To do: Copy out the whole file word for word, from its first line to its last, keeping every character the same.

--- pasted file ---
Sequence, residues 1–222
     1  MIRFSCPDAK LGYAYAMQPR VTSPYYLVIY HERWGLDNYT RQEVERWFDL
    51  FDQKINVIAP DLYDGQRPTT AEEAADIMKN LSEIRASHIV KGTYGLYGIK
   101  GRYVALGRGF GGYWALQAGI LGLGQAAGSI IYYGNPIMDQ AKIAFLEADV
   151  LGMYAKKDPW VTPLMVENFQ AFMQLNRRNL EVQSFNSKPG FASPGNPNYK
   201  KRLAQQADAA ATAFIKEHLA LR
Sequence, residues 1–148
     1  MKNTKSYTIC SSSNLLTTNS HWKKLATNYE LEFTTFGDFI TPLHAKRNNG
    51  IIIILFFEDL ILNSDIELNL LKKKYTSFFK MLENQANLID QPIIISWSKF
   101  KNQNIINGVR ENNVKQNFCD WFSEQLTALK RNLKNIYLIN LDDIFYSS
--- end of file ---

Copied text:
Sequence, residues 1–222
     1  MIRFSCPDAK LGYAYAMQPR VTSPYYLVIY HERWGLDNYT RQEVERWFDL
    51  FDQKINVIAP DLYDGQRPTT AEEAADIMKN LSEIRASHIV KGTYGLYGIK
   101  GRYVALGRGF GGYWALQAGI LGLGQAAGSI IYYGNPIMDQ AKIAFLEADV
   151  LGMYAKKDPW VTPLMVENFQ AFMQLNRRNL EVQSFNSKPG FASPGNPNYK
   201  KRLAQQADAA ATAFIKEHLA LR
Sequence, residues 1–148
     1  MKNTKSYTIC SSSNLLTTNS HWKKLATNYE LEFTTFGDFI TPLHAKRNNG
    51  IIIILFFEDL ILNSDIELNL LKKKYTSFFK MLENQANLID QPIIISWSKF
   101  KNQNIINGVR ENNVKQNFCD WFSEQLTALK RNLKNIYLIN LDDIFYSS